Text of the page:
Turkey and Ham pie.
I hate waste. I’m not a skinflint, or a meanie…I just hate waste, especially food…though I am prone to leaving that one chip on my plate. We buy and cook so much food at Christmas it’s not surprising that a massive amount of it ends up in the bin. So on Stephen’s day, I stripped the turkey carcass and sliced up the lump of ham that was still standing and portioned them into plastic containers and freezer bags. We grazed on same for a couple of days and then froze what was left. So what to do with them? This recipe is based on a Rachel Allen recipe from the BBC food and recipes website, with a few twists of my own. The amounts are far from exact…but it’s difficult to get this wrong. And obviously this can be made any time with leftover, or indeed freshly cooked ,chicken, ham or fish etc.
This by the way, is not diet food 🙂
Ingredients – serves 2
For the filling:
- Approx 250g chunks of cooked turkey and ham
- One medium onion, finely chopped
- 150-200g mushrooms finely chopped
- Double or single cream…I happened to have had double in the fridge
- 120mls chick or veg stock
- A bay leaf
- Couple sprigs of fresh thyme
- Salt and pepper
You can add finely diced carrots and / or garden peas if you want. I was going to use carrot but decided not to bother in the end. If you do use carrots or garden peas, cook them first.
For the topping:
1kg of rooster spuds. I know that seems a lot for two people, but I deliberately make too much mash. The worst that can happen is you don’t have enough to cover the filling. You can save any surplus, add an egg and make a frittata for breakfast or lunch.
- Double cream
- Spring onion very finely sliced
- Salt and pepper
Gently sauté the finely chopped onion in some butter for about 7-8 minutes. They should be translucent and not browned.
Add ¾ of the cream and stock, pinch of salt and pepper, and stir well, leave to simmer for 5-8 minutes
In a separate pan fry off the finely chopped mushrooms in some oil and butter until browned.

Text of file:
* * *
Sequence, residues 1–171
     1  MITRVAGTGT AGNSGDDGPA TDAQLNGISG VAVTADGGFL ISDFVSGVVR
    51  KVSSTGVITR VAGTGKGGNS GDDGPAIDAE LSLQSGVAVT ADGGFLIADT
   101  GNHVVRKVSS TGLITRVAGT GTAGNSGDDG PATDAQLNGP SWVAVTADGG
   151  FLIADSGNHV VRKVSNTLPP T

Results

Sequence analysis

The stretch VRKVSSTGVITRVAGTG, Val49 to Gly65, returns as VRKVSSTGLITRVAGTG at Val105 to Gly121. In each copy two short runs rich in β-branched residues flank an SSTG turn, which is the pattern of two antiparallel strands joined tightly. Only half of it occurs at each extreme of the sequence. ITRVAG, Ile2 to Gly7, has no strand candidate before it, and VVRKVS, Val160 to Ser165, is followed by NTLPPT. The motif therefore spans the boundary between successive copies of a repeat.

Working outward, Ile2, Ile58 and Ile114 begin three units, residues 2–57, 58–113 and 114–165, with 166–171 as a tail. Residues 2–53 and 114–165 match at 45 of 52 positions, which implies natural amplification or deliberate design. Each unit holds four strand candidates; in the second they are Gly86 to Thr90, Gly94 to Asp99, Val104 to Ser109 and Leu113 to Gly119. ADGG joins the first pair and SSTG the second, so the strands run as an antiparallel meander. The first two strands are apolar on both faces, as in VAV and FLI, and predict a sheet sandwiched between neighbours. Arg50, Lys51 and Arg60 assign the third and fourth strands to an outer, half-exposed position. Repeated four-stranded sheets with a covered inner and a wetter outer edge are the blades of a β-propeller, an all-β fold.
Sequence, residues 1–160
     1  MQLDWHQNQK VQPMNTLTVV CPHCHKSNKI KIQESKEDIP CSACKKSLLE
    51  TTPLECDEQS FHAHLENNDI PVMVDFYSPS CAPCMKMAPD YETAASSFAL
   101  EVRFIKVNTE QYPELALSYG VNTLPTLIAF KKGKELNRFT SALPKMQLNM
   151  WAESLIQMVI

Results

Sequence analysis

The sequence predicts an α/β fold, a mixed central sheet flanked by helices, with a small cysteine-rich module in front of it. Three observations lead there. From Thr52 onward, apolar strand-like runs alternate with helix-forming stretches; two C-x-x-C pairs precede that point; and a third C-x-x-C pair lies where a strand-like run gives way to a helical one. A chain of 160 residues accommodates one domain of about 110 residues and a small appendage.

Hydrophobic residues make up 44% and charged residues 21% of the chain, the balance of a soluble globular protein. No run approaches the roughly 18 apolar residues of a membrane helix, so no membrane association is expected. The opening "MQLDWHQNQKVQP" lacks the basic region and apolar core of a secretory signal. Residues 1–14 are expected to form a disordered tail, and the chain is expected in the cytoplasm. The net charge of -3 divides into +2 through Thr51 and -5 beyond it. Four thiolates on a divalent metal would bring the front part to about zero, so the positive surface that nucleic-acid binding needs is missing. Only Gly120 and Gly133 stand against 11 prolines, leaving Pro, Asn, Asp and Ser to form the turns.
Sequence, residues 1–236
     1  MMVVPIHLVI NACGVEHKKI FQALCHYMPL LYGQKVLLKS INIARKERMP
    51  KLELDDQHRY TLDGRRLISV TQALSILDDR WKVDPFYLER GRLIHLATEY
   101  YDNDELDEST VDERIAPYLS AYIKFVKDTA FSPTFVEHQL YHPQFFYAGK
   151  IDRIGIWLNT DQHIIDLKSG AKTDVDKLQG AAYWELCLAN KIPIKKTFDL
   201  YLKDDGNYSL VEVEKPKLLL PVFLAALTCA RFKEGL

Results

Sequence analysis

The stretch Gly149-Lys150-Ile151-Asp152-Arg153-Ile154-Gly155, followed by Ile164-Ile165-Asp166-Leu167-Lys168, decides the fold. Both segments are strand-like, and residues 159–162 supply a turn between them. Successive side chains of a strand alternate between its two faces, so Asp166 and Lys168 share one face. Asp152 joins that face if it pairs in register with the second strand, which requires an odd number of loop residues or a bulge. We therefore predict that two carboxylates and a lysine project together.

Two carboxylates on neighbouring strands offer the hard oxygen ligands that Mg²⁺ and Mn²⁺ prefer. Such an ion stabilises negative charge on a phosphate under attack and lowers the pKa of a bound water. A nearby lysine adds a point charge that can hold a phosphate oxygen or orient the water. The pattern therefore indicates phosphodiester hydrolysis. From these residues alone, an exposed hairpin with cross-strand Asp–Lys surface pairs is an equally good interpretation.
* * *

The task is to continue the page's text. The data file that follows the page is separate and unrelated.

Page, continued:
Add the mushrooms, meat chunks, thyme and the bay leaf, a good pinch of salt and pepper to the onions and gently stir, mixing everything evenly, partly cover and simmer gently for 10 minutes before removing the thyme sprigs and bay leaf.
Peel, rinse and boil the spuds as normal.
Top tip. Very often potatoes get over cooked to the point of being mush when it comes time to mashing them. So when the potatoes have been simmering for about 15 minutes, poke a larger one with a fork. If there is still just a little resistance, drain them and replace the pan lid and leave them for 5-10 minutes. They will gently finish cooking through in the remaining heat and steam and be perfect for mashing. If there is strong resistance then they need to simmer for another few minutes.
Melt more butter in the pan you used to fry the mushrooms, and sauté the finely chopped spring onion for 3-4 minutes before adding the rest of the cream. Warm the cream through for a few minutes before adding to the mashed potato, mix well for a creamy champ mash.
I use individual gratin dishes (17.5cm / 7”) per person. This give a generous portion per person, so use a size that suits.
2/3rds fill each dish with the filling, top up with the mash, seal the edges and trace over with a table fork.
Sprinkle grated parmesan on top. There is nothing that cannot be made better by grated parmesan on top!
Place the gratin dishes on a baking tray and cook in a preheated oven at 180 degrees for around 30 minutes.
Leave them cool for 5 minutes before serving.
Absolutely the ultimate in comfort food…very very tasty!
Original recipe © Rachel Allen
This version and blog post © Dave Wilkins – Jan 2015